science + technology news

Nanotubes refine computer memory

October 5, 2005

Nantero has succeeded in making circular wafers, 13 centimeters in diameter, that hold 10 gigabits of data and are ten times faster than flash memory.

Nantero calls its technology NRAM, nanotube-based, non-volatile random access memory.

The design involves suspending nanotube ribbons between points above a silicon chip, so that they form tiny bridges over electrodes lying below. When a charge is applied, the nanotube bridge curves… read more

PNA Molecules Could Be Used To Build Nanodevices

October 4, 2005

Carnegie Mellon University researchers have shown that the binding of metal ions can mediate the formation of peptide nucleic acid (PNA) duplexes from single strands of PNA that are only partly complementary. This result opens new opportunities to create functional, three-dimensional nanosize structures such as molecular-scale electronic circuits, which could reduce by thousands of times the size of today’s common electronic devices.

“DNA nanotechnology has led to the construction… read more

In Challenge to Google, Yahoo Will Scan Books

October 4, 2005

Open Content Alliance, an unusual alliance of corporations, nonprofit groups and universities has announced an ambitious plan to digitize hundreds of thousands of books over the next several years and put them on the Internet, with the full text accessible to anyone.

Members include Yahoo, the Internet Archive, the University of California, and the University of Toronto, as well as the National Archive in England and others.

In… read more

Help for Info Age Have-Nots

October 3, 2005

To bridge the Digital Divide, MIT and companies like AMD, Motorola, and Yahoo are pushing devices and services aimed at bringing cutting-edge tech to parts of the world that need it most.

R Is for Robot

October 2, 2005

UC San Diego human-robot researchers hope to develop classroom teaching machines with a “human touch” and robotic companions that can develop personal relationships.

The Mind of an Inventor

October 2, 2005

Applied Minds, led by inventor Danny Hillis, is developing such imaginative inventions as “touch tables”: the surface of each is a high-resolution computer display showing a satellite-camera view of the world. By putting your hands on the table and spreading them, you zoom into a region, a city, a neighborhood. You can also slide your hand over the table to expose the view as captured at an earlier time.

Pill-sized camera gets to grips with your gut

October 2, 2005

Researchers have developed a radio-controlled crawling camera capsule that can move and stop on command to give doctors greater control over the images it takes, unlike existing camera capsules.

Google offers S.F. Wi-Fi — for free

October 2, 2005

Google Inc. has offered to blanket San Francisco with free wireless Internet access.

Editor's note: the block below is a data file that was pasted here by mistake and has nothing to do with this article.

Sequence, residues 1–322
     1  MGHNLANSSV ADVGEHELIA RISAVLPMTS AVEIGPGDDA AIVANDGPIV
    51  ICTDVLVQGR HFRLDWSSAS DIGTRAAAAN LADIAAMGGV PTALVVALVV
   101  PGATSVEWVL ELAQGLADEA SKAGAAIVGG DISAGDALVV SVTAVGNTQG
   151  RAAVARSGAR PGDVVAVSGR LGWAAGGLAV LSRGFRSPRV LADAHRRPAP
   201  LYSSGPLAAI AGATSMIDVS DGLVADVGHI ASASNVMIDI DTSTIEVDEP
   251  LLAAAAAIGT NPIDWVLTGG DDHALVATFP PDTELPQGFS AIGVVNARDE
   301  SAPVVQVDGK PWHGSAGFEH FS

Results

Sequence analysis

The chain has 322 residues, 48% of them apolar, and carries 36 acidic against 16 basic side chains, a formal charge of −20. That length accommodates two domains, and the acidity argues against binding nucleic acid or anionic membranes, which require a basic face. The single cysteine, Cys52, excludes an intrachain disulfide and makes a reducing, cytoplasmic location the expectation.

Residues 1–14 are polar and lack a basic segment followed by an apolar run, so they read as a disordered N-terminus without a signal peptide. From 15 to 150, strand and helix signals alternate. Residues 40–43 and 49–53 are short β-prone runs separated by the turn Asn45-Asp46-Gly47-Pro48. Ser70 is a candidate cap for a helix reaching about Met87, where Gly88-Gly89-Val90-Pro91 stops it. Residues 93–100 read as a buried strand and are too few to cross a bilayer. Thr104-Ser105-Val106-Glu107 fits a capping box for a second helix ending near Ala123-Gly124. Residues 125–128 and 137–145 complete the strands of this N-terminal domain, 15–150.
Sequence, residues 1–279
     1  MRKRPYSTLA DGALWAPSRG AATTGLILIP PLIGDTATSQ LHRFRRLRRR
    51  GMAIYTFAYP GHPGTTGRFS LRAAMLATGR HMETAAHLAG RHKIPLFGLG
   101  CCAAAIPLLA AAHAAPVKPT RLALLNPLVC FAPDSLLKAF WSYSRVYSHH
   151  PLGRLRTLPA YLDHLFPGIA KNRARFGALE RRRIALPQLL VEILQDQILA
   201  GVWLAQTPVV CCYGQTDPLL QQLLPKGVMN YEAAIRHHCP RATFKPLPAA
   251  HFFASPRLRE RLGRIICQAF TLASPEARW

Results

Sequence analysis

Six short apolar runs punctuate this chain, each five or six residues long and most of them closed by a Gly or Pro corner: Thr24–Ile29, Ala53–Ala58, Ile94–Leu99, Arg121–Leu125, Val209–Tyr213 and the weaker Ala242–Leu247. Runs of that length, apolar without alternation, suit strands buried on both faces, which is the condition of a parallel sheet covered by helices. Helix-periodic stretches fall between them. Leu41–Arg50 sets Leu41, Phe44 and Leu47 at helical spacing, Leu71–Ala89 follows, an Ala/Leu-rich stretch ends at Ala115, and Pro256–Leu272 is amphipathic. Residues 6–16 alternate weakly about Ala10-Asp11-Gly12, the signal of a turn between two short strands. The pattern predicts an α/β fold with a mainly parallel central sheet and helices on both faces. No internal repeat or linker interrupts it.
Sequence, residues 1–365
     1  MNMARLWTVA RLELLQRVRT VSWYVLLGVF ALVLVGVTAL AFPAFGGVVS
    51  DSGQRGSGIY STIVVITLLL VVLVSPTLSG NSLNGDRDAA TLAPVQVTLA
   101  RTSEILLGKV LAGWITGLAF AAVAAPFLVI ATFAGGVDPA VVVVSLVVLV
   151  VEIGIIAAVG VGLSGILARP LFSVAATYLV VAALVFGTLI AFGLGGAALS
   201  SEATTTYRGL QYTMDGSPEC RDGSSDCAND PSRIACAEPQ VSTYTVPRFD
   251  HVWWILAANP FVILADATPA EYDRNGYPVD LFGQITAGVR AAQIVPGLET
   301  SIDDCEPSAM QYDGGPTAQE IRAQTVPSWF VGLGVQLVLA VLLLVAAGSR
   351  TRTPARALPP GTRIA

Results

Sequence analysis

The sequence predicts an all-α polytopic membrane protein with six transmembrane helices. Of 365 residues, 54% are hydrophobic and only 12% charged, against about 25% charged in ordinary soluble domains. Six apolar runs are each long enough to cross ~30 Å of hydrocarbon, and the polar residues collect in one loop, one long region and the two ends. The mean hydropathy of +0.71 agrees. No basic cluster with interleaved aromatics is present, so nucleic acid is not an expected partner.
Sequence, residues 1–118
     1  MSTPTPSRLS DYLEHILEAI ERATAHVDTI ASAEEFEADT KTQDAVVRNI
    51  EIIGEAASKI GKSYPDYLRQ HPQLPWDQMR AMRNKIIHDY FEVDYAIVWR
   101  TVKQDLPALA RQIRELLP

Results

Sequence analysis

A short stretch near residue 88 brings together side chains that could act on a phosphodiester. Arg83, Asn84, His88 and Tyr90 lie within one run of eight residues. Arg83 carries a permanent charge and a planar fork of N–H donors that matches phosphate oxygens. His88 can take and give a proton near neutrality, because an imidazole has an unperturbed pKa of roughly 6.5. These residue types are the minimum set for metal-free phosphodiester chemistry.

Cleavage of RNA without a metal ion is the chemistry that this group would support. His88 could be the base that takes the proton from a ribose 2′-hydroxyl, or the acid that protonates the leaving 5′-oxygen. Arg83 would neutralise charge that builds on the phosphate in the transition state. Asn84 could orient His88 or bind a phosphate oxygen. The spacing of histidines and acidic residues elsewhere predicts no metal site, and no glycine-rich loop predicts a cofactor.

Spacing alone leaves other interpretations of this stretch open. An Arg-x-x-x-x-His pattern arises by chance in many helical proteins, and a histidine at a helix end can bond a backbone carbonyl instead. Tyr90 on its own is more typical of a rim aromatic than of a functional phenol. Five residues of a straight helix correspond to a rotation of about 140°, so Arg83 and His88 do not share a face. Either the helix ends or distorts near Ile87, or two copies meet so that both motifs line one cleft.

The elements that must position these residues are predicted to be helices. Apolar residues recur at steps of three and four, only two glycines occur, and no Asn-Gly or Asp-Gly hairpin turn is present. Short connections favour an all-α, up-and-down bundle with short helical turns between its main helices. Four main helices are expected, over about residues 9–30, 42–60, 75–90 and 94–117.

The proposal raises speculation that Google intends to create a free national Wi-Fi network.

‘The Singularity Is Near’ now #14 on Amazon

October 2, 2005

Ray Kurzweil’s The Singularity Is Near is now ranked #14 in sales among all books, #5 among all Non-Fiction books, #1 in Science, #1 in Technology, #1 in Evolution, #1 in Science History and Philosophy, and #1 in Computers and Internet, as of Sunday Oct. 2.

New media coverage of the book includes a review, “Here It Comes,” in the Wall Street Journal, and “Rayread more

Ray Kurzweil deciphers a brave new world

September 30, 2005 reporter Declan McCullagh quizzed Ray Kurzweil in a wide-ranging interview on the implications of the Singularity for society.

Mighty Mice Regrow Organs

September 30, 2005

Genetically altered mice discovered accidentally at the Wistar Institute in Pennsylvania have the seemingly miraculous ability to regenerate like a salamander, and even regrow vital organs.

The results stunned scientists because if such regeneration is possible in this mammal, it might also be possible in humans.

Google confirms Ames plan, Search engine plans offices, partnership with space agency

September 30, 2005

Google Inc. plans to build up to 1 million square feet of offices at NASA Ames Research Center and collaborate with the space agency on research surrounding topics such as supercomputing that could benefit everything from moon launches to online searches.

It will also involve biotechnology, information technology and nanotechnology.

Magnetic Microchips Replace Electronic Semiconductor

September 29, 2005

Researchers have created a computer by using magnetic microchips rather than semiconductor electronics.

Magnetic microchips reduce heat and are simpler and potentially cheaper to produce than electronic chips.

You Can’t Hide Your Lyin’ Brain

September 29, 2005

A scientist at the Medical University of South Carolina has found that magnetic resonance imaging machines also can serve as lie detectors, with more than 90 percent accuracy.

The MRI images show that more blood flows to parts of the brain associated with anxiety and impulse control when people lie. More blood also flows to the part of the brain handling multitasking because it is hard for people to… read more

AI systems may blow weathermen away

September 29, 2005

Weather forecasters could find themselves pushed out of a job by an artificial intelligence system designed to write clearer, less ambiguous reports.

Computer scientists at the University of Aberdeen, UK, were asked to generate an “artificial weatherperson” by operators of offshore oil rigs, who wanted more clarity in their forecasts. The vocabulary used by different forecasters can be vague and highly variable, says Ehud Reiter, who led the Aberdeen… read more

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